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Critically ill monk seal gets CT scan at North Hawaii Community Hospital

Claire Simeone
 

A critically ill Hawaiian monk seal has been rescued from Kauai for the second time and is now under the care of a monk seal hospital in Kailua-Kona.

RH38, a juvenile female monk seal, is in stable, but critical condition, according to Ke Kai Ola, a monk seal hospital run by The Marine Mammal Center. The center’s veterinary team conducted initial tests and found that RH38 is suffering from weakness, infection, broad-scale inflammation and malnutrition. However, the team is still trying to pinpoint the cause of these symptoms.

She has been provided with life-saving and supportive care, and the team continues to conduct extensive testing to find the cause of illness in the endangered monk seal. Most recently, she was transported to North Hawaii Community Hospital for a CT scan — the first ever performed on a wild Hawaiian monk seal.

“We’re incredibly concerned by RH38’s case as every individual is critical to this endangered population,” said Dr. Claire Simeone, the center’s hospital director, in a news release. “We are committed to finding the cause of her illness and are using world-class expertise and medical techniques to keep RH38 alive and get her back to the wild.”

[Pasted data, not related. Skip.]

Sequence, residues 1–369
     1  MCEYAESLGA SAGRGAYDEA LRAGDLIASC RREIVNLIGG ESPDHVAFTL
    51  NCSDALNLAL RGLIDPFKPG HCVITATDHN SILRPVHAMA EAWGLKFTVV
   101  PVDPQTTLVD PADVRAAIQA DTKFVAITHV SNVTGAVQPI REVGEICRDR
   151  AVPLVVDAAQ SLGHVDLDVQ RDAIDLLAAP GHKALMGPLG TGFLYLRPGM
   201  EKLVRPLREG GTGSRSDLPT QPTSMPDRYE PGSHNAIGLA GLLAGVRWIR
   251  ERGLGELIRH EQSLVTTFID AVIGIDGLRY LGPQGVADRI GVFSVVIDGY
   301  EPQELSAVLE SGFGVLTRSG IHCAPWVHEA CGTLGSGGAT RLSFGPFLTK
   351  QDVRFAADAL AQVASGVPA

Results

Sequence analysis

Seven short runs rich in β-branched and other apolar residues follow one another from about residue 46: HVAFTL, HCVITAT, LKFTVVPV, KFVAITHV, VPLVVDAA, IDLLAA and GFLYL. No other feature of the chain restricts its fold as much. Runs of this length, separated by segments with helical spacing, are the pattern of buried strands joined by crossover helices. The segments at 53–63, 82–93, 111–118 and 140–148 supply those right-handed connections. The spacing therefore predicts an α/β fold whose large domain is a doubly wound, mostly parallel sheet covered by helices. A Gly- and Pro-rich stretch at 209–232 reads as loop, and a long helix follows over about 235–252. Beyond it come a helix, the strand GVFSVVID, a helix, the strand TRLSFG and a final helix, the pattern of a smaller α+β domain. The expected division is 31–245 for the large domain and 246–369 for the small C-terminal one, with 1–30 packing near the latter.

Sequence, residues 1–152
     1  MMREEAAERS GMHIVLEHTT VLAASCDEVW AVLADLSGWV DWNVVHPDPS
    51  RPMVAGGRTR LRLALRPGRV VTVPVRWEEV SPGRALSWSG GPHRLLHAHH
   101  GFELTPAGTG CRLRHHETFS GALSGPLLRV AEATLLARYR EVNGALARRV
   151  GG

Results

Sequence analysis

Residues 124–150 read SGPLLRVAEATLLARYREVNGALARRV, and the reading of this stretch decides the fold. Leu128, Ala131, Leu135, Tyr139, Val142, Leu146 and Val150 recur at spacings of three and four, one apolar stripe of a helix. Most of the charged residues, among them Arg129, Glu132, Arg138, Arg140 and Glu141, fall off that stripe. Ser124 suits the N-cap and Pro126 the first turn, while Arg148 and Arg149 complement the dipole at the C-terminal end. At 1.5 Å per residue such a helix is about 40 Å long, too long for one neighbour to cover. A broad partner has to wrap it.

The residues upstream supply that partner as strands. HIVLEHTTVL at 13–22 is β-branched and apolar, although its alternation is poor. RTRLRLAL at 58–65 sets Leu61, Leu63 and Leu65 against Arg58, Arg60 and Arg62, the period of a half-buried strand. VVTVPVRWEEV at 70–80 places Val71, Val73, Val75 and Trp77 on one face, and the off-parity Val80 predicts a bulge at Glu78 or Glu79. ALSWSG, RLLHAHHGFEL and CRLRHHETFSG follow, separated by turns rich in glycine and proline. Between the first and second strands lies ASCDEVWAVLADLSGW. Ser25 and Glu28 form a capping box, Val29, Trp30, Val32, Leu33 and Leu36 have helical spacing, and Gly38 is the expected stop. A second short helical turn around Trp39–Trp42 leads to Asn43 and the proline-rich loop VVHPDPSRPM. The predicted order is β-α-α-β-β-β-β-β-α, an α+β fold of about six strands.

Over the past year, the Kauai Hawaiian Monk Seal Conservation Hui has been monitoring RH38, and volunteers routinely observed her in good body condition. In March, however, her body condition rapidly grew worse.

She was rescued from Kauai on March 12 and transported by the U.S. Coast Guard to Ke Kai Ola.

The center said RH38 has been tested for dozens of diseases, toxins and parasites. Veterinarians have not found any evidence of toxoplasmosis, leptospirosis, morbillivirus, or influenza, trauma or poison, but are not ruling anything out at this point.

In August 2017, RH38 was also admitted to Ke Kai Ola for malnutrition and parasites. During three months of rehabilitation, she more than doubled her body weight and was successfully released back to the wild in Kauai.

Federal researchers from the National Oceanic and Atmospheric Administration will continue to monitor the population of monk seals on Kauai, but so far, have found no indication that there is a threat to the larger population.

“No additional sick or malnourished monk seals have been detected across the main Hawaiian islands,” said Michelle Barbieri, a veterinarian with NOAA’s Hawaiian Monk Seal Research Program, in a statement. “We do not currently have any reason to believe that what is affecting RH38 is contagious to the rest of the population.”

Since opening in 2014, Ke Kai Ola has rehabilitated 27 monk seals, most of which were rescued from and returned to the Northwestern Hawaiian Islands. Hawaiian monk seals are a critically endangered species protected by state and federal laws. Only an estimated 1,400 remain in the wild.

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